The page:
KW: What is going on with Only Crime?

RR: Yeah, Only Crime has been sort of on hold for a while because our drummer was really sick for a long time. Just the last couple years he’s been back on his feet. We had a member change or two. We started working on our third album in 2008 and we just finished it and we’re just finishing up contracts for a label [that] is going to release that album. So there should be some announcements coming shortly with that. We haven’t played since 2010. That was maybe the last time we toured. We’re definitely still a band, it’s just that everybody is busy doing other things. It’s been one thing after another that’s been holding us back. There is a third album, it’s finished, and it will be released this year.

KW: You are also a hockey scout. How did that happen?

RR: I love hockey, it’s my passion. I’m obviously not good enough to play professionally. I’ve always had people tell me I have a good eye for the game and that I should be working in hockey in some respect. I have a good friend that used to play in the league and I asked him, “I want to work in hockey. What do you think? What would your suggestion be?” He was part owner of a team in the Western Hockey League at that time.

Coincidentally, the Western Hockey League has teams in the western part of Canada, as well as Washington and Oregon. It’s primarily made up of kids from western Canada. Recently, more and more players from California, Texas, Arizona and stuff have been into the league and playing. So this guy talked to the GM of a team he was part owner of and said, “What do you think about letting him scout in California for your team?” That was my in. That was in 2007.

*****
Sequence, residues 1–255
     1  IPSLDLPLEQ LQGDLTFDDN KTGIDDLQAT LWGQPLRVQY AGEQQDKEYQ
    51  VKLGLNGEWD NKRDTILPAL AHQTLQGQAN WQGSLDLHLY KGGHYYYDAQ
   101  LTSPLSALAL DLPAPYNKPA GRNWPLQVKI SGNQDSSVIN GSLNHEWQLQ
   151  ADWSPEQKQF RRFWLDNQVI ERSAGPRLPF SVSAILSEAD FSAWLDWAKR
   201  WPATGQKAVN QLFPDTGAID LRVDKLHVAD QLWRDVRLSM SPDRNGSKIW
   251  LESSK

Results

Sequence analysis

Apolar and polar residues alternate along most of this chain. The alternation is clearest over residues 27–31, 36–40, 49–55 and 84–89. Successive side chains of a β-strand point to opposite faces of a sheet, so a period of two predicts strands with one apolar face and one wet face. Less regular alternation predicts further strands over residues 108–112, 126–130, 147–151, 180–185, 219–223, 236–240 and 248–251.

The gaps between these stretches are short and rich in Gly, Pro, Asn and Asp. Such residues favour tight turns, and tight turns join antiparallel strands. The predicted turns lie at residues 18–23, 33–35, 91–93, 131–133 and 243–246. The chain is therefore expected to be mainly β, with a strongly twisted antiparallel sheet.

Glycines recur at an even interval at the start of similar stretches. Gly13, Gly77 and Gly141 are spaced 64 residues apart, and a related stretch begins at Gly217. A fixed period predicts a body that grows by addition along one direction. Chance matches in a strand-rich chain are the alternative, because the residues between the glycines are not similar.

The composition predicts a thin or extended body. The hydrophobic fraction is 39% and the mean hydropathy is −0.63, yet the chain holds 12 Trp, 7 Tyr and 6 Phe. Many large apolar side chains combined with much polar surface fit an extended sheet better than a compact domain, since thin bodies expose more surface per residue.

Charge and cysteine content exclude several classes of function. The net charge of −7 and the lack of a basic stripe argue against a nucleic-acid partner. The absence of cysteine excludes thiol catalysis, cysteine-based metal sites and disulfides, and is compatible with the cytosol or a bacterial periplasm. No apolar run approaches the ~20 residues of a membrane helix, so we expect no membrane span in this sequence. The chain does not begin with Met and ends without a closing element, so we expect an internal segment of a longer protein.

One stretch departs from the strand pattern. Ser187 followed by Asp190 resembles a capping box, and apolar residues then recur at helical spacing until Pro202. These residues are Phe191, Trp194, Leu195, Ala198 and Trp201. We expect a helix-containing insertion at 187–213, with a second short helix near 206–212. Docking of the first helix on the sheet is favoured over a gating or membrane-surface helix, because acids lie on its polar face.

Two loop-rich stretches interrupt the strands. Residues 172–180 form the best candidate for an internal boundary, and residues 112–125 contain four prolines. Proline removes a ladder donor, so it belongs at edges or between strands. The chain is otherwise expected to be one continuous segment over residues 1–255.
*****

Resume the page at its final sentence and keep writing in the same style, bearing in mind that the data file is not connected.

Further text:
This past summer was my last camp with that team. Then I made it to a different team in the same league that’s a little bit more keen on California players. The team before was the Kootenay Ice who were great. I learned a ton working for them. It was a great experience for me. Now I am working for the Tri-City Americans who play in Kennewick, WA. They already have two Californians and U.S. kids on their roster. I’ve also interned with the Anaheim Ducks for a year and went a couple scouting trips with them. I was hoping to catch on, but that just didn’t work out. Every year, I send my resume out to all 30 NHL teams and I’m gonna keep doing that. That’s ultimately what I want to do, scout for an NHL team.

KW: Would you ever consider running for political office?

RR: Yeah, I think about it all the time and I have people tell me I should. I think the first step if I were gonna stay here in Santa Cruz will probably be city council or something like that. I thought about it. It’s definitely not something I am going to rule out. I’m fortunate enough right now to have several forums and be able to have a voice. I think if those were changed or went away, I would look for a different outlet and that would be the next logical thing for me.

KW: Is there anything else you would like you fans to know?

RR: I just want to thank everybody for the support through all the years. All the email and messages I get from people about how they feel our music has positively impacted their lives, it’s really, really humbling. I think with social media and the advances of that over the last decade or so, I think that we really are able to see and hear from people more than we could before on a personal level and it’s really humbling. We’re just a local band from a small beach town, just doing our thing. The fact that people have made positive changes in their life and been exposed and inspired to do positive things in the world because of our band and bands like us is an honor and it’s really humbling. I appreciate that.

Kevin J. Wells writes about Major League Baseball and punk rock music. Follow him on Twitter @WellsOnBaseball